Din Djarin is quickly becoming a galactic version of the ‘Littlest Hobo’ (showing my age with that reference). He wanders into town, solves someone’s problem, then moves on. This a standard template for classic American television and has been used for years in shows like ‘The Fugitive’, ‘The Incredible Hulk’, ‘The A-Team’, the list goes on. But unlike those shows the story of ‘The Mandalorian’ doesn’t just reset at the end of the episode. This show’s characters are developing and the story is revealing itself and moving forward.
Not only is this the episode with the most wall-to-wall action, with probably the least amount of Mandalorian, and most outwardly comedic but we almost get the dreaded ‘M’ word. Jon Favreau is starting to show his hand with the larger story that is happening outside of Din trying to find a place in the universe for the child. By the end of the episode you get the feeling this could be leading to something epic in scale.
Carl Weathers not only returns to star but also directs. This is the most high profile project he has tackled from behind the camera, which is not bad for a man in his seventies, and he brings all his Eighties action experience to the table. There is a broad comedy lightness on display with a lot of one-liners and visual gags with nothing feeling out of place but he also has a good handle on the more serious and quieter moments. The episode is perfectly paced and flies by to the point you are surprised when it is over.
Weathers is ably assisted by Sam Hargrave who is directing second unit. Hargrave, a mainstay of the stunt work in the MCU, directed this year’s best action film ‘Extraction’. On display in this episode is just about every type of action scene possible. There is hand-to-hand combat, gunplay, vehicle chases, air combat, it just doesn’t stop.
Favreau clearly has a great love for the original trilogy but I wonder who much ‘Dark Forces’ he played in the 90s. Storywise this felt like a level from those games. Break into a base, steal something or blow something up, then escape. Also, the over-arcing plot of the series looks like it could be similar with the reveal that Moff Gideon is trying to create an army of black armored super-troopers.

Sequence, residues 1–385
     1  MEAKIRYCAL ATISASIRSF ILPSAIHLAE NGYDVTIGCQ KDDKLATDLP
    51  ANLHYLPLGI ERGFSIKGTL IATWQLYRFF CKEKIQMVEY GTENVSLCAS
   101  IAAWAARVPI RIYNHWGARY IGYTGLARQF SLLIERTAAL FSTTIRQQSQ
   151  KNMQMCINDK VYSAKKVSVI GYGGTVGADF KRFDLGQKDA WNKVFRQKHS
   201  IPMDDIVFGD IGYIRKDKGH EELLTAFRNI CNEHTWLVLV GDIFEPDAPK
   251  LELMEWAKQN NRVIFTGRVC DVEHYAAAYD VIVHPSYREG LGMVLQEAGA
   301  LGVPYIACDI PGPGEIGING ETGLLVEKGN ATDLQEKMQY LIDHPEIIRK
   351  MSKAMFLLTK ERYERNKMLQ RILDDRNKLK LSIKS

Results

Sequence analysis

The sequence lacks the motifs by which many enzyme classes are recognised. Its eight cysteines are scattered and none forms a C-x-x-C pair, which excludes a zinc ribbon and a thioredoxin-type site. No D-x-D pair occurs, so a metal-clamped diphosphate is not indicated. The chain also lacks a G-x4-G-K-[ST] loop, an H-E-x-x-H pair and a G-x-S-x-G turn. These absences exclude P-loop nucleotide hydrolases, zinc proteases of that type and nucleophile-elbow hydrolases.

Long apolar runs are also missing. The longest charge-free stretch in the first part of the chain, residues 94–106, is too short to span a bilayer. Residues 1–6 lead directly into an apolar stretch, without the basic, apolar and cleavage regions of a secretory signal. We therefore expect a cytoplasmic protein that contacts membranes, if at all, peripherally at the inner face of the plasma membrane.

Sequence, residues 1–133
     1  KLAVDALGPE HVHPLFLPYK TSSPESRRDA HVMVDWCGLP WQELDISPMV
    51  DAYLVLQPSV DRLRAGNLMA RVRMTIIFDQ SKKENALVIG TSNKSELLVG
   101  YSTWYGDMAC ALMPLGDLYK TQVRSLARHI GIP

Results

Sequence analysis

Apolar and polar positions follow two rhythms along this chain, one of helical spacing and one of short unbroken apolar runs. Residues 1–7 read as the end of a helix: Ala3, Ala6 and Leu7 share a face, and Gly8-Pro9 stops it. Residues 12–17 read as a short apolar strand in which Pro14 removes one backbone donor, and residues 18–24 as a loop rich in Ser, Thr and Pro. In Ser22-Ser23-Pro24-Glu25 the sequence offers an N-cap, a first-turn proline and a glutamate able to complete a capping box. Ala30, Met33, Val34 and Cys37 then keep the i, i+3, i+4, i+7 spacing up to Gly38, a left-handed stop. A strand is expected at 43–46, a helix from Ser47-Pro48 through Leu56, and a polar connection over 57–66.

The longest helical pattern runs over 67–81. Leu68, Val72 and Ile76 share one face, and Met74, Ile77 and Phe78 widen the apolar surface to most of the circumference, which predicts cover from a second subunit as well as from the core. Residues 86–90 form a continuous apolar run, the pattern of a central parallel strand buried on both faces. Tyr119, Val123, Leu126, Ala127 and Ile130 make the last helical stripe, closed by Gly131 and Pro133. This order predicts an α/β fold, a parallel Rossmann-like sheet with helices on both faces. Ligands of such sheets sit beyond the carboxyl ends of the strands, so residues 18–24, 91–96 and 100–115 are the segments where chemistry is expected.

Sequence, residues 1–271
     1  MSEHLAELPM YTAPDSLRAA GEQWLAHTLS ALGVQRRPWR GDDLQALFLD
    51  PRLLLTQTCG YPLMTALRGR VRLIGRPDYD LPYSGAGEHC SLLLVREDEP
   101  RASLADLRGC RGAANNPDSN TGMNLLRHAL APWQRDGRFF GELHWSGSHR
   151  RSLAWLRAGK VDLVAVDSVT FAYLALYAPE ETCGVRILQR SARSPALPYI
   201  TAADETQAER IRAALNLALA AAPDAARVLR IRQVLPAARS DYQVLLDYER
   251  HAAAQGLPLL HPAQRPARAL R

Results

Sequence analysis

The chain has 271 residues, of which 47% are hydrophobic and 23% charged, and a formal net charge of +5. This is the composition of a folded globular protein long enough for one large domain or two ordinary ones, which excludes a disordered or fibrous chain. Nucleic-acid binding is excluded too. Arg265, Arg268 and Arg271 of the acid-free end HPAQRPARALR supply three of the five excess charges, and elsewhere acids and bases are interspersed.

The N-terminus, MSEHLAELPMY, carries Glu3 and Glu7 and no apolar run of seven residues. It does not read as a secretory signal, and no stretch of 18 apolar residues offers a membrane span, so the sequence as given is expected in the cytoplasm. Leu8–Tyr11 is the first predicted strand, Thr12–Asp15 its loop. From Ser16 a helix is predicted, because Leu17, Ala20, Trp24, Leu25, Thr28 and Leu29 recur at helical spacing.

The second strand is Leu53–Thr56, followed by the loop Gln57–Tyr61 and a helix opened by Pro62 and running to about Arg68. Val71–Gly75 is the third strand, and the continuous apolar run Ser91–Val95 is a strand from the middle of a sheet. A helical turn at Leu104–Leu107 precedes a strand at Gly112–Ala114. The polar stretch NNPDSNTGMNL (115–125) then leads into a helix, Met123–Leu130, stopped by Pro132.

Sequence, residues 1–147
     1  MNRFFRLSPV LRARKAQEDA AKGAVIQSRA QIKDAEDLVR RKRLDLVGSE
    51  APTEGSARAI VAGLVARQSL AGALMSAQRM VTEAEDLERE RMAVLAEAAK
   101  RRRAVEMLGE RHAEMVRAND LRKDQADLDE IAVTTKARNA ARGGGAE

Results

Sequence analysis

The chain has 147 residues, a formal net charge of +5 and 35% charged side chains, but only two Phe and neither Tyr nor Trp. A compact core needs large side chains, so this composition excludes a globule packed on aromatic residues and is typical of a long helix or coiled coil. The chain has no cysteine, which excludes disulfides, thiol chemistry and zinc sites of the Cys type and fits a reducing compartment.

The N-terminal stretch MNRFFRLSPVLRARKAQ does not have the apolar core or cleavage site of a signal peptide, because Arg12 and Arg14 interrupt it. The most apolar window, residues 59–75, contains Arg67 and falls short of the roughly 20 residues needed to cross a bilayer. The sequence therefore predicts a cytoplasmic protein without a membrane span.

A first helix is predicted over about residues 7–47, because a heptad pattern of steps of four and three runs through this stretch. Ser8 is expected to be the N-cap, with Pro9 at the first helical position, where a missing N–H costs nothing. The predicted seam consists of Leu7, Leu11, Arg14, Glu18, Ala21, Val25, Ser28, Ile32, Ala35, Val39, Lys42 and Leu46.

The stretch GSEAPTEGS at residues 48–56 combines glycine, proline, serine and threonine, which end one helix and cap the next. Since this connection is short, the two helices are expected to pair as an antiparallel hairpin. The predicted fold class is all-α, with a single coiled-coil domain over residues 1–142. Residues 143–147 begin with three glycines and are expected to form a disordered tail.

The Mando and his team stumble into what appears to be a cloning facility where the child’s blood is being used. We get a hologram recording of the doctor from the first season talking about the ‘M’ count of the child and that subjects that have been injected with his blood are not surviving. This can only mean Midiclorians, a word we thought would never be uttered in ‘Star Wars’ again, and, as people had been predicting, Moff Gideon is trying to give people force powers.
We also get confirmation that not only is the remnants of the Empire keeping track of Din and the child but the New Republic is also. This is what is hinting at the epic scale to come. So far we have three faction in play, the Empire, the New Republic, and the Mandalorians, with a fourth in the form of the Jedi destined to join soon. This all seems to be setting us up for a mighty conflict most like for the heart and soul of what it means to be a Mandalorian.
Another thing of note about this episode is we have now burnt through all the footage from the trailers. From now on everything is going to be fresh. Who knows what the team has in store for but I can’t wait to find out.
It is becoming repetitive to rate these episodes.